Games, prizes at ReStore 3rd anniversary celebration
By James Saxton
“Treasures are all around us,” said Jean Sellers, “especially when you buy older items. Sometimes you don’t know the significance of the things you buy until you live with them a bit.”
Preparing for the third anniversary of the Habitat for Humanity ReStore are, from left: store manager Jason Floyd, warehouse manager John “Barnzee” Barnes, sales associate Gwen Peacock and volunteer Thomas Gregory. The celebration from 10 a.m. to 6 p.m. on Saturday features games, food, prizes and surprise bargains at 1465 Highway 20 West (behind the Fidelity Bank) in McDonough. Photo by James Saxton
Significance, in the form of precious unlocked memories, is just what the retiring McDonough insurance clerk said she found after she bought an old armoire from the Habitat for Humanity ReStore in McDonough early last year.
“I bought it because it had a certain elegance and was made of fairly sturdy wood,” Sellers said. “It’s not particularly old, I don’t think, and might have been expensive had I bought it anywhere else. So I bought it and put it in my house and it fits its space perfectly.”
It was when Sellers brought home her elderly mother a few weeks later that things got interesting.
Retired schoolteacher Mitzi Simmons, who at the time lived in an assisted-living facility in Douglasville, was often almost completely silent in later years as she suffered from Alzheimer’s disease. The 92-year-old lit up, however, when she entered her daughter’s den and stared at the armoire like it was old friend.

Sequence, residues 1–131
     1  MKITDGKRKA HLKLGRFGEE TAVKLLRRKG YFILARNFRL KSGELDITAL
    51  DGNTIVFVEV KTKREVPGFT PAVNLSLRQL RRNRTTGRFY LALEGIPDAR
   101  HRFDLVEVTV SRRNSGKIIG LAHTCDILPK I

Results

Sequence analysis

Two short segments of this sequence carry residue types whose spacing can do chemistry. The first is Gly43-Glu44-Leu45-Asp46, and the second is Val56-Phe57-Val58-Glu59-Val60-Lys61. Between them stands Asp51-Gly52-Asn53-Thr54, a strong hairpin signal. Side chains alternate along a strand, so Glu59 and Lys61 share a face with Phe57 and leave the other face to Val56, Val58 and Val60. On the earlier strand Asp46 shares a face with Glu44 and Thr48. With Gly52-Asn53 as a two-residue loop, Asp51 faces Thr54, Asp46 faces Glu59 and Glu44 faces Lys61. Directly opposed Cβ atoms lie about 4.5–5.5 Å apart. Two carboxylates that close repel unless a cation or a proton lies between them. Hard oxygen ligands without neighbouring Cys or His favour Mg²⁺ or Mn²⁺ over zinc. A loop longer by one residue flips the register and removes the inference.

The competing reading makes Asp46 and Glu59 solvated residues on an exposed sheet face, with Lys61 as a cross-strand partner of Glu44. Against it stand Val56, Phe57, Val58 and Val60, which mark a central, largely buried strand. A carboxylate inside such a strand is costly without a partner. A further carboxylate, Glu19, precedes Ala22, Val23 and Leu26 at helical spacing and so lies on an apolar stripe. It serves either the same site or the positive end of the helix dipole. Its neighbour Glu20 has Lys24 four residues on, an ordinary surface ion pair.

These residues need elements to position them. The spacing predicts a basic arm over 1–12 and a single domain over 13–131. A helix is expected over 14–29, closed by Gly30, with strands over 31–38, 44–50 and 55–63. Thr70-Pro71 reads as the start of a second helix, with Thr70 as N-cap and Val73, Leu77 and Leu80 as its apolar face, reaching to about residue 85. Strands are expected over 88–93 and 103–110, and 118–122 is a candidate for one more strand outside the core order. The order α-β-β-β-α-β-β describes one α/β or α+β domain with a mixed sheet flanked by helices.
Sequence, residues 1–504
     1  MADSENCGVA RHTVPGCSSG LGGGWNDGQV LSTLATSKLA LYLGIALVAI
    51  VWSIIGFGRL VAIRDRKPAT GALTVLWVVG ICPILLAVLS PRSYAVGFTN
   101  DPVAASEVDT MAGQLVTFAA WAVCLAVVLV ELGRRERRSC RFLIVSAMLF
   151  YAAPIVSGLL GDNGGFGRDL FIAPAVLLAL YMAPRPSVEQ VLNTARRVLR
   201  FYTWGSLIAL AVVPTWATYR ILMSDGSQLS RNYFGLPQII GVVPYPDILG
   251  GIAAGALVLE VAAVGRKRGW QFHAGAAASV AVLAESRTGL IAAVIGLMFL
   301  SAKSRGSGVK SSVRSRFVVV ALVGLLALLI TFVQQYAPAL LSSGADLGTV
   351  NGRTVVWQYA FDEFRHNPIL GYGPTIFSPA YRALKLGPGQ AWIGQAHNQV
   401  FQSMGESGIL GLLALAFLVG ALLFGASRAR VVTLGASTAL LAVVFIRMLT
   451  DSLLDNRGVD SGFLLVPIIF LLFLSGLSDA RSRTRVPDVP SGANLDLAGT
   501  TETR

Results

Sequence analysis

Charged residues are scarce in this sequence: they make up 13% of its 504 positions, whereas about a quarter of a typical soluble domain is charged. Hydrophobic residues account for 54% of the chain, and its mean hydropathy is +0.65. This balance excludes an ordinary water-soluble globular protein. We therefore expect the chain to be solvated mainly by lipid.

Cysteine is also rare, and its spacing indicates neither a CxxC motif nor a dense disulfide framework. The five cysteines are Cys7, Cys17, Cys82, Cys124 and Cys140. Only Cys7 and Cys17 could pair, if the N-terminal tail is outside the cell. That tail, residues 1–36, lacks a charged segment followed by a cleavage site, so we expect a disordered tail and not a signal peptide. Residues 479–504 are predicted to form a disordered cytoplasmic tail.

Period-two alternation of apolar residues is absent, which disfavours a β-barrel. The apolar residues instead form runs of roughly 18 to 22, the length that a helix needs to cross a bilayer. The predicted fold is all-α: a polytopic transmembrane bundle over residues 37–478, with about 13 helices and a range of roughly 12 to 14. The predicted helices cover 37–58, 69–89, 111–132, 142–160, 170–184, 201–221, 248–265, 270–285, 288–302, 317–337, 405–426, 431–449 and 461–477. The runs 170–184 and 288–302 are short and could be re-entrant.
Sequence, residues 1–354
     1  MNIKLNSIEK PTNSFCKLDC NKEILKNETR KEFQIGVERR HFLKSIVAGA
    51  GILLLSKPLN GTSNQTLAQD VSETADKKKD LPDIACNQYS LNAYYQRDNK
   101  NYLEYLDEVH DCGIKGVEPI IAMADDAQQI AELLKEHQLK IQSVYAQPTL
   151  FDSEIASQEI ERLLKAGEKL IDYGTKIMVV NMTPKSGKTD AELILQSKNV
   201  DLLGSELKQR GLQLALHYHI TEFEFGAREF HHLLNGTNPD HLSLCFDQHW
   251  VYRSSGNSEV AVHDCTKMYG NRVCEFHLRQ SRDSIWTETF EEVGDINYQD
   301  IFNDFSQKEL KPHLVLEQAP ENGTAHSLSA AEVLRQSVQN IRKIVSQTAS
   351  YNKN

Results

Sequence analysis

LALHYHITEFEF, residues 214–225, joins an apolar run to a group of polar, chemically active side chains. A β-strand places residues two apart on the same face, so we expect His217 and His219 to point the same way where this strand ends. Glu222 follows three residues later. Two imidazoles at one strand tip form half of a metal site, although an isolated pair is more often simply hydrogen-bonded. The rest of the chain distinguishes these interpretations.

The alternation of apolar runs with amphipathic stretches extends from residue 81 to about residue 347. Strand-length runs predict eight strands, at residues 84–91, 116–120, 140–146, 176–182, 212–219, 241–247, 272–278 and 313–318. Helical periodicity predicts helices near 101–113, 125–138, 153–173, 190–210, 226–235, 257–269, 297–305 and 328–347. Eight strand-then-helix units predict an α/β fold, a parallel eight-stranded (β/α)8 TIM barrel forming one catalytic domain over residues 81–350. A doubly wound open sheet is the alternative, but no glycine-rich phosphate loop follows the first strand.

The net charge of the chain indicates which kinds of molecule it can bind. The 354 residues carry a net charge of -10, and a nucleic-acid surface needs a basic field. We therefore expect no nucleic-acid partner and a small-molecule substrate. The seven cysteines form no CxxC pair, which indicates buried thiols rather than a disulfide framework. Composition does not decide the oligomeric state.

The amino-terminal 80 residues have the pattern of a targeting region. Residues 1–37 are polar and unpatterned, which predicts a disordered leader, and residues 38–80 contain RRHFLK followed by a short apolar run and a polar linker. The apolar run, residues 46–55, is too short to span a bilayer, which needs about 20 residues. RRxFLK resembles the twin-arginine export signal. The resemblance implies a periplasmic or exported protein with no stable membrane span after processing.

“She turned her body to me and she looked like she was struggling to say something, which she did a lot, but she was all excited. ‘Murnma’s chest,’ was all she got out. Murnma is Mama’s name for her grandmother, Reba Potts, who helped raise her. I tried to tell her it really couldn’t be, that this chest wasn’t old enough, but she kept right on, trying to talk. She sat down facing the armoire, away from me. Then, she just opened up, and spoke so clearly and normally, like she was 20 years younger. I was startled but so grateful!”
Simmons told her daughter a stream of three stories about Potts, packed with vivid details, never once glancing her way, as though she were telling her stories to the armoire.
“I wish I’d thought to record it, Sellers said. “The best of the three stories was about how Murnma, who probably was born in the late 1870s, had watched as her fiancée traded a prized hog for an admired china set as a wedding gift. Murnma put the china in the chest and loved it so. The china was passed on eventually to Mama, and my sister has it.
“After the third story, she stopped talking, and that was it; back to silence and not being aware,” Sellers said, noting her mother died a few months later. “But, oh, for those few minutes, God swung the gate open again. Those memories about my great grandmother are more precious to me than I can tell you. And it all started at the ReStore.”
What’s a ReStore? It’s a nonprofit home improvement store and donation center that benefits the work of Habitat for Humanity, which not only builds or repairs homes for those in need, it “builds strength, stability and self-reliance through shelter,” its website says.